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July 13th, 2010
05:52 PM ET

Dengue reappears in the United States

A study released Tuesday by the Centers for Disease Control and the Florida Department of Health finds dengue virus is showing up in the Florida Keys.  According to the report,  approximately 5 percent of Key West residents, or about 1,000 people, were exposed to it in 2009.  So far this year, there have been 12 confirmed cases of dengue in the Key West area.  The last time there was a dengue outbreak in Florida was 1934.

""These people had not traveled outside of Florida, so we need to determine if these cases are an isolated occurrence or if dengue has once again become endemic in the continental United States," said Harold Margolis, chief of the dengue branch of CDC in a press release.  "We are concerned that if dengue gains a foothold in Key West, it will travel to other Southern cities ... like Miami."
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July 13th, 2010
02:18 PM ET

FDA advisory board to review new diet drug

On Thursday, a Food and Drug Administration advisory committee will discuss safety and efficacy of a new diet drug called Qnexa, one of three weight-loss medications the agency will consider for approval this year.

The drug, from Vivus Inc., is meant to be used in combination with diet and exercise by obese patients. The drug is a once-a-day, oral, controlled-release formulation of low dose phentermine and topiramate, which is believed to address both appetite and satiety – the two main mechanisms that affect eating behavior, according to the company. FULL POST


July 13th, 2010
02:04 PM ET

Sleep apnea linked to heart disease risk

Adults with sleep apnea often have more heart trouble than those who sleep soundly,  new research from the American Heart Association finds. Unfortunately 90 percent of the people with sleep apnea have never had an official diagnosis, so if a loved one says you gasp for air as you sleep, don't ignore the news.

Sleep apnea is a disorder in which breathing becomes shallow or stops altogether during sleep. It can result in extreme fatigue .

Researchers looked at almost 4,500 adults 40 and older who were free of heart problems when the study began. All adults were tested for sleep apnea and then for the next eight years researchers kept track of the differences in the heart health of those with the condition and those without.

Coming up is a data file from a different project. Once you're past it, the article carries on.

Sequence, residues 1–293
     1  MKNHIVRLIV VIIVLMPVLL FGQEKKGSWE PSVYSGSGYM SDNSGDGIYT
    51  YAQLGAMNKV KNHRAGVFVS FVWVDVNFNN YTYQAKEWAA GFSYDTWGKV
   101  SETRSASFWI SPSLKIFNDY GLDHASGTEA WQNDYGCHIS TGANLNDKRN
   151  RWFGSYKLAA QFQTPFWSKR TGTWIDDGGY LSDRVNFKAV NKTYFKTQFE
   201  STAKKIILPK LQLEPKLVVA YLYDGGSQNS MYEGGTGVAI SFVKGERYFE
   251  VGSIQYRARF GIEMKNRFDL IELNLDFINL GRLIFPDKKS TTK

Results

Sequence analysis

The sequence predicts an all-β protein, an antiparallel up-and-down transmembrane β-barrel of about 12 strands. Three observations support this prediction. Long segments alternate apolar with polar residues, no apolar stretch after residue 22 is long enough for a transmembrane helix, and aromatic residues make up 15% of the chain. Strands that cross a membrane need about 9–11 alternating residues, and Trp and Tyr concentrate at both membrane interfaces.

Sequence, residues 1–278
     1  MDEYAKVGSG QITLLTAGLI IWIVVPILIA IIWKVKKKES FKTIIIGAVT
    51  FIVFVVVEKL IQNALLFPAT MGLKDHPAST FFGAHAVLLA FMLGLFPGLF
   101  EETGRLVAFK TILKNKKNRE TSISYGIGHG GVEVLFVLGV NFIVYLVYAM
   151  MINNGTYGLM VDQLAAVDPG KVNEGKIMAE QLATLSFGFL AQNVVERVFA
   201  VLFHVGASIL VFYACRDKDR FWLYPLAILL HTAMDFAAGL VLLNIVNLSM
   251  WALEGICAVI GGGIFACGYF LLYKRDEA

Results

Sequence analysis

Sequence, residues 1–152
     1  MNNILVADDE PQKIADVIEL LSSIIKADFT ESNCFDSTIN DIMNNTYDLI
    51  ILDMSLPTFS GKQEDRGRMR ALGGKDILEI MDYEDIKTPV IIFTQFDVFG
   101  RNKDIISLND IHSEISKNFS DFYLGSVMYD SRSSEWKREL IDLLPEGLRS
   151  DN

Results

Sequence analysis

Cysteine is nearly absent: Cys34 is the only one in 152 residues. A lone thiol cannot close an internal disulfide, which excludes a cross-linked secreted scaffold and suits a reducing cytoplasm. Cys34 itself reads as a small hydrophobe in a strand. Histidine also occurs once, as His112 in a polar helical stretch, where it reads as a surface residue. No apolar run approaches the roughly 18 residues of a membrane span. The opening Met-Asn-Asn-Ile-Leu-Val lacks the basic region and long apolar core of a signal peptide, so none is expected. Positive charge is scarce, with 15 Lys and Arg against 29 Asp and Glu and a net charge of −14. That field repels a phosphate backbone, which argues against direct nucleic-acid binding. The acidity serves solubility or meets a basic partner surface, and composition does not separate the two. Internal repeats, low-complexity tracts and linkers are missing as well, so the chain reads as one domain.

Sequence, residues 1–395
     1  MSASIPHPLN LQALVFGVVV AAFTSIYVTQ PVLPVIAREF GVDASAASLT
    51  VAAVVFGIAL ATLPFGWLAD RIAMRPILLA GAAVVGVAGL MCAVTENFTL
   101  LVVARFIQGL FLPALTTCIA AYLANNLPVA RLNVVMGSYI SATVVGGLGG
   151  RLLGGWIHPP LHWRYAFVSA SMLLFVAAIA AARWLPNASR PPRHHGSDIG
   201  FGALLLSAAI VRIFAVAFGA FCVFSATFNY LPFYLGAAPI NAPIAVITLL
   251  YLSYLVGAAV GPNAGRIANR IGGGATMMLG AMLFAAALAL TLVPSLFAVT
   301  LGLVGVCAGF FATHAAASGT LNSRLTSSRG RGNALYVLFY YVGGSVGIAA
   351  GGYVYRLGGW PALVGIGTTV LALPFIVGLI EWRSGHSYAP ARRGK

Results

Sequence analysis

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Filed under: Heart • Sleep

July 13th, 2010
11:20 AM ET

Boy, 10, loses 11 pounds on monthlong mission

At age 10, Marshall Reid, an iReport contributor, is a child chef who reinvents popular dishes.

Shredding iceberg lettuce in the kitchen, Marshall discussed ways to make a taco salad healthier.  Marshall's "healthy spin" recipe included lettuce, ground turkey and beef, low-fat cheese, light sour cream, tomatoes, and cilantro.  And there's no fried taco shell for his Day 26 dinner. FULL POST


July 13th, 2010
07:00 AM ET

Fate of Avandia in hands of FDA panel

A Food and Drug Administration hearing on the safety of Avandia gets under way Tuesday morning. After two days of chewing on evidence, an expert panel will vote – among other things, on whether to yank the popular diabetes drug off the market. It’s been under the microscope for a possible link to heart problems, although the drug’s developer and manufacturer, GlaxoSmithKline, asserts that clinical studies show the drug is safe. A major topic of the hearing will be one of those trials, known as the RECORD study, which was criticized in a blistering analysis published on the FDA website Friday.

The same basic debate about Avandia’s safety was argued before this same panel in 2007, when, members voted overwhelmingly, 22-1, to leave Avandia on the market. That was despite a separate, 20-3 vote, agreeing that the data probably did show a link to heart problems.

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July 13th, 2010
12:05 AM ET

Men: Sex problems and depression can hurt your heart

Severe depression in men who experience erectile dysfunction is associated with a higher incidence of heart problems, according to a new study in the Journal of Sexual Medicine.

Researchers in Florence, Italy, screened more than 2,000 men for erectile dysfunction and depression, then noted which men later went on to have serious or fatal heart attacks and other cardiovascular problems.

A depressed mood increased the men's' risk. After six years, among the men who weren't depressed, 91 percent avoided all major heart problems. Among the men who were depressed, only 85 percent avoided those problems.

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About this blog

Get a behind-the-scenes look at the latest stories from CNN Chief Medical Correspondent, Dr. Sanjay Gupta, Senior Medical Correspondent Elizabeth Cohen and the CNN Medical Unit producers. They'll share news and views on health and medical trends - info that will help you take better care of yourself and the people you love.

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